How India achieved atmanirbharta in edible oils during the early 1990s?

In the early 1990s, India had achieved self-sufficiency in edible oils by focusing solely on indigenous oils. That changed after cheaper imports began to flood the market, discouraging farmers who used to plant indigenous oilseeds.

  • The late Verghese Kurien of Amul milk fame played a critical role by launching the Dhara brand when he was the chairman of the National Dairy Development Board (NDDB).
  • Kurien ensured that mustard growers were paid a profitable price while ensuring price stability for consumers. Dhara was a success and became the leading edible oil brand within a few years.
  • The oil lobbies of other countries were unhappy, since imports fell by 90% by 1993. Many NDDB officials were physically assaulted and its cooperative oil mill in Bhavnagar, Gujarat, was repeatedly set on fire.
  • The brief window of self-sufficiency continued until India signed the WTO agreement in 1994 and edible oil imports were allowed by the Narasimha Rao-led government. By 1998, imports had climbed to account for 30% of consumption.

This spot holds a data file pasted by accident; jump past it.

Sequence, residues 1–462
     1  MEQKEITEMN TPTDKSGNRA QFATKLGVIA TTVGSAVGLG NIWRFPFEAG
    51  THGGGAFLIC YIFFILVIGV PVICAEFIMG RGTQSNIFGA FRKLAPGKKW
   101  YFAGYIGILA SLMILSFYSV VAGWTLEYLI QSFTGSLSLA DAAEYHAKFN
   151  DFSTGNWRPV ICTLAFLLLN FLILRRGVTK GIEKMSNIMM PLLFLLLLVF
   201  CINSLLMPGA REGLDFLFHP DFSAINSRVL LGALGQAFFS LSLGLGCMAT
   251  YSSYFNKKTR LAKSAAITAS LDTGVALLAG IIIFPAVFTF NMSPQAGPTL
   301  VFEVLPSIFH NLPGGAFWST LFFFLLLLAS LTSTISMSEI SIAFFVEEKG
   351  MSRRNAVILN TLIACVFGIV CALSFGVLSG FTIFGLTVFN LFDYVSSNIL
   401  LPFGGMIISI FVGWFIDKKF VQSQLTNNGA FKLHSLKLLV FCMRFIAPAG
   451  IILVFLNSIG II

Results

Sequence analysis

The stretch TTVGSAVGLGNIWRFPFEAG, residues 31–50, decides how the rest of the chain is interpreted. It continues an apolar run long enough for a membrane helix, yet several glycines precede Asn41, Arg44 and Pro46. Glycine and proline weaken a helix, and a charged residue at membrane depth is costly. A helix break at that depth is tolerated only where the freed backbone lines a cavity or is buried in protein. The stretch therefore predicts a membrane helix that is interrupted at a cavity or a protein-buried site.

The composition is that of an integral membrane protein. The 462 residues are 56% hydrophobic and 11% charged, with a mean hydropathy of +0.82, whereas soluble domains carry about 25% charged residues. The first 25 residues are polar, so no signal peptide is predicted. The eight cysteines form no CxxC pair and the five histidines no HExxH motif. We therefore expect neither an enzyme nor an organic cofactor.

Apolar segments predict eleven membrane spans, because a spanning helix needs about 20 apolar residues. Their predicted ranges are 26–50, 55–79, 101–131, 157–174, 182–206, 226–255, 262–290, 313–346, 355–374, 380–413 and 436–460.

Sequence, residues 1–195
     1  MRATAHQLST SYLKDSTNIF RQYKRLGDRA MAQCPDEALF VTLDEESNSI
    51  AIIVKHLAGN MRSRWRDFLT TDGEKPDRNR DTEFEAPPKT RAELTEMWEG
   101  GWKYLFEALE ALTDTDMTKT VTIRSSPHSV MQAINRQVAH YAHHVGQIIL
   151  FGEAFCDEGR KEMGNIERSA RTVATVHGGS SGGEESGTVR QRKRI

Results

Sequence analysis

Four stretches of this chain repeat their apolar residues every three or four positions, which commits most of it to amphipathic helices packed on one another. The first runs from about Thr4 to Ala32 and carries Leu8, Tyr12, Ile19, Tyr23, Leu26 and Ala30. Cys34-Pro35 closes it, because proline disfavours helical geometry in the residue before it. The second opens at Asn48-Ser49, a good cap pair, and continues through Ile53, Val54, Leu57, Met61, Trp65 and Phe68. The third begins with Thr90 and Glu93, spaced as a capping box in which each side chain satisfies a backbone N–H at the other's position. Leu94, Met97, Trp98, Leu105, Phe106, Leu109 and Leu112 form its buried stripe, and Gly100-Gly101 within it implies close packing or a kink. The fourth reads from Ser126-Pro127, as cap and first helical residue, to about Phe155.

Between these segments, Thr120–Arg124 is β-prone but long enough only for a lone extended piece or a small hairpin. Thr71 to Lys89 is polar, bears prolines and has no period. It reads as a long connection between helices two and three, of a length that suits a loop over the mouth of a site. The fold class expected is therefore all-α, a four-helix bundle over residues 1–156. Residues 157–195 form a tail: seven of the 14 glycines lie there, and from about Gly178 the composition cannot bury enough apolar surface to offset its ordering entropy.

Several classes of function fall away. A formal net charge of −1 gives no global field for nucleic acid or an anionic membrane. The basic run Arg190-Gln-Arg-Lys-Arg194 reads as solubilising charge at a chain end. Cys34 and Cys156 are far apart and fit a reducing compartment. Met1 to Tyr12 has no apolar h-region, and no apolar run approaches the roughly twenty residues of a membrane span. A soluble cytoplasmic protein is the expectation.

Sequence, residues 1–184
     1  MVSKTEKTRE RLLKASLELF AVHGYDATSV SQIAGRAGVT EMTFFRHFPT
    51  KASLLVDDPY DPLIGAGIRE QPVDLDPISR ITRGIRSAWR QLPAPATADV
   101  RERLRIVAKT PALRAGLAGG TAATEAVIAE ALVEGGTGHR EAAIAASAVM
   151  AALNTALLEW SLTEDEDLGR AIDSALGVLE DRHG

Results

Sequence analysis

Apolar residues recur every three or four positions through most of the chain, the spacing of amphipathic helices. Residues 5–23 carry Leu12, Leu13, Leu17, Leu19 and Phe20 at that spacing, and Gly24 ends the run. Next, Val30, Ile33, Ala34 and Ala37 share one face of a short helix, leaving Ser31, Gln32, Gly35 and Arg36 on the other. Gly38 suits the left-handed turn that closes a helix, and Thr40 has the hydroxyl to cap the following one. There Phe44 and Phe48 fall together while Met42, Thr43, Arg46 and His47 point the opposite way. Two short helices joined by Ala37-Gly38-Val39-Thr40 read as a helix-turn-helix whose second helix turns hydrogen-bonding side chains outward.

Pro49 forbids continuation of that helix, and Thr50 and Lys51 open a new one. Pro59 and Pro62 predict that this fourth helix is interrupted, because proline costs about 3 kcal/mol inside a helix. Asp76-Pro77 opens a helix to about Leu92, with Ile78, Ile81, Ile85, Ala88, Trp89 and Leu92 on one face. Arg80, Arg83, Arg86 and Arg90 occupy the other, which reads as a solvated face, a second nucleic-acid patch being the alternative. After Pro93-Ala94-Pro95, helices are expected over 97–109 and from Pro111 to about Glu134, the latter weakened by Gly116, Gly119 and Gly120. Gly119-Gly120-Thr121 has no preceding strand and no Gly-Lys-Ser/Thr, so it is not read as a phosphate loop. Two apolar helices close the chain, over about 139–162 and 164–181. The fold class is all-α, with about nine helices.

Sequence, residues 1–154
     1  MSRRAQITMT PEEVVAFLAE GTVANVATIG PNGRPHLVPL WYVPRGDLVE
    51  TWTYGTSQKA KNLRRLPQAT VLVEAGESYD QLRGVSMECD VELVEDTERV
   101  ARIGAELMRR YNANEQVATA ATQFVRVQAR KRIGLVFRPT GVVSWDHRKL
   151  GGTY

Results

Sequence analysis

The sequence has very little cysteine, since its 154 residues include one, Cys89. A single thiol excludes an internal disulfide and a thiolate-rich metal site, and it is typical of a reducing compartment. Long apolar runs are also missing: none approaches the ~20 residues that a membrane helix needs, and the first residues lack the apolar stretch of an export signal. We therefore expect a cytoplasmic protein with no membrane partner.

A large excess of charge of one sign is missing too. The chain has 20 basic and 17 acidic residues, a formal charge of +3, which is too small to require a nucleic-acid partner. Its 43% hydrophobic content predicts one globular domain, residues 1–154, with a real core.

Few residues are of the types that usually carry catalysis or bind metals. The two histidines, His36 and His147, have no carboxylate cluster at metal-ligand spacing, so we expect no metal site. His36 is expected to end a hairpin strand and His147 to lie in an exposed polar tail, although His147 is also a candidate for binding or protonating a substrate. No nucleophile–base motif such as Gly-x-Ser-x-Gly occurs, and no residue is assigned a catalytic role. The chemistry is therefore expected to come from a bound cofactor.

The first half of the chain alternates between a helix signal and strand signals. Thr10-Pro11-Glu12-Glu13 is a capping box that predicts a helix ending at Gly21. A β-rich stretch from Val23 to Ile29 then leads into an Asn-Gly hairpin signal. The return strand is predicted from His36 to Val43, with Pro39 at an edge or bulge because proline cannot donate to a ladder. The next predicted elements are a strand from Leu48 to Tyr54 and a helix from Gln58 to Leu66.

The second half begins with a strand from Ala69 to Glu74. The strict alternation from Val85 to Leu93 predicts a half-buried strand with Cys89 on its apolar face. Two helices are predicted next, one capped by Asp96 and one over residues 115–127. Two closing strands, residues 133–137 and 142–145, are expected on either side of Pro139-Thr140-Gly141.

• Coincidentally, the argemone adulteration dropsy case took place in August 1998. More than sixty people died and thousands reported sick in Delhi. Following this incident a ban was imposed on the sale of loose oil. The episode led to a permanent shift in consumer preference towards colourless and odourless solvent extracted refined oils, which are ripped off their nutritional properties of oilseeds.
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